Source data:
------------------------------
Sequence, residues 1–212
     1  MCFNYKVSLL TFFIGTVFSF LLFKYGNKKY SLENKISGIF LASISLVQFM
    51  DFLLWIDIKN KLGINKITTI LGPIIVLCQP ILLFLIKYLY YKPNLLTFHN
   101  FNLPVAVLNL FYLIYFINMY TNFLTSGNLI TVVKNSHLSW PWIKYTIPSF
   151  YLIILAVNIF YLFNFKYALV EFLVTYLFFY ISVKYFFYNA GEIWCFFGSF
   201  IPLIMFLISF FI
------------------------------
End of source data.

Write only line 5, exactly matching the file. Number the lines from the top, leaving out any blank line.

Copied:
   151  YLIILAVNIF YLFNFKYALV EFLVTYLFFY ISVKYFFYNA GEIWCFFGSF